I recently advised a rowing friend to buy a Mac when he asked me what computer to buy. I get asked this question a lot, and usually I can reply "Buy a Mac" because I know what they use a computer for and a Mac would suit them very well. Almost always, they ignore me and buy the cheapest Windows computer they can and then have all sorts of problems with it.
But no, Joe went and bought a Mac. The Apple store took all the data on his Windows machine and transferred it to his new iMac, and they set up his GMail account for him. He took it home and he's been using it. But he has extra needs.
He had a label maker program on his PC and it's getting close to Christmas and he needs the data transferred to the Mac. As I had advised him to get a Mac, it was now my responsibility to get it working for him.
His seven-year old PC was still running, so I started the label maker program and opened his address database. Nothing. It was corrupt. Ah, this was the reason why he wanted a new computer. His database had been appearing and disappearing for a few years. I wasn't quite sure what this meant, but he has been having problems. Did he have a backup? He had some 3.5" floppy disk backups from 2002. And an external hard disk that backed up files automatically. Unfortunately, it didn't do anything smart with backups, it just copied the current file to the hard disk, overwriting previous versions. The backup database file was corrupt too.
I spent an hour searching his floppy disks, his hard disk, and his backup disk. In the end I found a data file without the index file on a throwaway directory on the backup hard disk. It was dated 2007, but it was still better than nothing. I copied that file to a temp directory, added an index file from the corrupt database, and tried to open it with the labelmaker program. It barfed a little, but I think it rebuilt the index, because after a while, the data became available. So I exported it, and found the options for CSV (comma separated values) curiously worded. The file exported, I transferred it to the Mac and then wondered what to do.
We used Apple's list of software, and we Googled, and we looked for what we could find. We eventually decided to buy a label maker program from iWinSoft. This appeared to be all over the Internet, and the descriptions were deliciously opaque English. But it appeared as if it would do the job, and it cost $35. Joe bought it, and we installed it, and it looked okay. Bizarrely, the layout and the wording used in the program brought me to believe that the old label maker program on Windows had mutated many years later to this Macintosh program. I swear it's the same program many years later.
Anyway, I imported the file from the Windows version and we looked at the data. We had twice as many records as we should have, and every second record was blank. I knew what that was. The end-of-line problem. I dropped to the command line, and edited the import file with Vim and yes, it said "DOS format". That's easy to fix ":set ff=unix" and save. I loaded it in again to the label maker and this time it worked much better. The right number of records loaded. But some records had some parts of the street name missing, and an extra field that pushed the city down. I had a close look at the raw data and this was happening to fields that had a comma in the field. This is really stupid. The fields were saved with quotes around them and separated by commas. This is done so you can have commas inside the field. This is standard data transfer. I've worked with this sort of data for years, converting data for acquisitions. It isn't difficult to get it right. You really have to do stupid stuff to get it wrong. But it was wrong. And there were too many to ignore.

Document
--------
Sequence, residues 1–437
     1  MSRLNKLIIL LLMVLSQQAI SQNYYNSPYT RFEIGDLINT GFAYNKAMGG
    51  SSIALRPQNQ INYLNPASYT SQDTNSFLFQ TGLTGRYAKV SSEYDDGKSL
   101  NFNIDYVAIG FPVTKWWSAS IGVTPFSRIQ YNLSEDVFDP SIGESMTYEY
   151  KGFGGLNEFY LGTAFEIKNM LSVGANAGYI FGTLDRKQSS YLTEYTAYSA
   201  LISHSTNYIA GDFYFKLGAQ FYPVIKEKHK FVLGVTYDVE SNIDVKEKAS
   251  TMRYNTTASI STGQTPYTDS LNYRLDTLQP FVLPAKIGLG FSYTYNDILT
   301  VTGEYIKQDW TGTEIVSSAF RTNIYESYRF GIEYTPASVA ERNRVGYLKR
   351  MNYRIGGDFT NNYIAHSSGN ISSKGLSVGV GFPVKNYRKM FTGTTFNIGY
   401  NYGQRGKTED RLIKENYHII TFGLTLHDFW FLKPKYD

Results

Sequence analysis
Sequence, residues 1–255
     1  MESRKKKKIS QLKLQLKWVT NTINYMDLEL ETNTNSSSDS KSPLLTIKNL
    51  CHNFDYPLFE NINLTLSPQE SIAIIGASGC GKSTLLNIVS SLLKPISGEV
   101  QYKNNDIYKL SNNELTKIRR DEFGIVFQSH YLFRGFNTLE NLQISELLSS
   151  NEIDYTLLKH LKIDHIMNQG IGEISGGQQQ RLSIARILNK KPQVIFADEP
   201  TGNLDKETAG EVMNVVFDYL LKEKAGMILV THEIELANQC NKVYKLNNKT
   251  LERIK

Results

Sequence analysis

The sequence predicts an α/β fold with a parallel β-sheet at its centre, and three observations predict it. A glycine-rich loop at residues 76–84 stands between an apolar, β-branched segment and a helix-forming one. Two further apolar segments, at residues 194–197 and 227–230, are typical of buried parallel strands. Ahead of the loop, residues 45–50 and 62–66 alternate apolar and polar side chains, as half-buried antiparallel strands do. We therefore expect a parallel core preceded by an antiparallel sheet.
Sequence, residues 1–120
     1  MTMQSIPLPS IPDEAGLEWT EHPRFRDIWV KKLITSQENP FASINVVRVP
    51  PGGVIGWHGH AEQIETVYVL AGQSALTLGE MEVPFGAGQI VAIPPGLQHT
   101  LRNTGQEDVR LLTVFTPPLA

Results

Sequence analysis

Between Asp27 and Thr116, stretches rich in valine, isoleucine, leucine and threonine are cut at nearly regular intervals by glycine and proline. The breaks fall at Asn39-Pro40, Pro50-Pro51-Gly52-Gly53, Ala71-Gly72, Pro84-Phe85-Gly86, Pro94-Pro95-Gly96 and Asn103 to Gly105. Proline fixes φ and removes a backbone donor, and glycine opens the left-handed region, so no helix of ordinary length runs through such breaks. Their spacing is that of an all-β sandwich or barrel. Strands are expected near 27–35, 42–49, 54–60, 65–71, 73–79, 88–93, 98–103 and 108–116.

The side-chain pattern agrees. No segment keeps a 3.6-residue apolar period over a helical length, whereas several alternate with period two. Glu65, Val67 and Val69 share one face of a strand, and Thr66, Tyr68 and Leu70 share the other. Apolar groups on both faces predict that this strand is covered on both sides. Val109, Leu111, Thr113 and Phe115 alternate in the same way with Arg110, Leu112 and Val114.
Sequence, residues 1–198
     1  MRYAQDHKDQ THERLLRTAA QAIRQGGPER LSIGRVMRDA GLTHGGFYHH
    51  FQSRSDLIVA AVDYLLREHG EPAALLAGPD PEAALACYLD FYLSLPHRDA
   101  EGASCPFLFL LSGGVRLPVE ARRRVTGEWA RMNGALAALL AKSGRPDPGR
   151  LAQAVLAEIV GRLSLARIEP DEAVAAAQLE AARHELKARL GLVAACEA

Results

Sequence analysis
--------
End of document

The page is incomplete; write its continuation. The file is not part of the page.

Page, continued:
So I whipped up a little Perl script that read through the file, extracted the fields, removed commas from them and then wrote them out again in CSV format. I loaded it in again, and this time it worked perfectly. Success. Joe was really happy. He was still missing 100 addresses between 2007 and now, but he had 700 addresses to start from. That's better than finding and typing 800 addresses from scratch.
One thing I do like about the Mac, is that when the GUI doesn't work, you can drop down to the command line and get your hands dirty with commands and shell scripts and Perl and Python. And it's a real Unix down there with all the tools you need.
I was ready to leave, but no, there was one more task. The Apple store had not been able to set up his main email account. Could I do it? I've had a lot of trouble using Apple's Mail program, but I had to give it a go. It took an hour of investigation and experimentation to find the inbound and outbound mail servers and get them to work. Then we had to fiddle with it to make it all work correctly with the From address. In the end, it was working perfectly.
When I finally left four hours later, I had to wonder how anyone gets on the Internet today. Sometimes it's a real struggle, and that's even a struggle for me. The world has moved on and Microsoft and Apple have started using stupid and cutesy names for things to try and make it possible for the average Joe and Jane to get online and use their computer, and it doesn't help them and it confuses the hell out of me about what they mean. Jargon might be unintelligible for Joe and Jane, but it has a precise meaning for people who are familiar with it. Skip the jargon and you confuse everyone.
But this session ended well and everyone was happy. Except for Anne who did not know where I was and was wondering why I was 5 hours late back from rowing.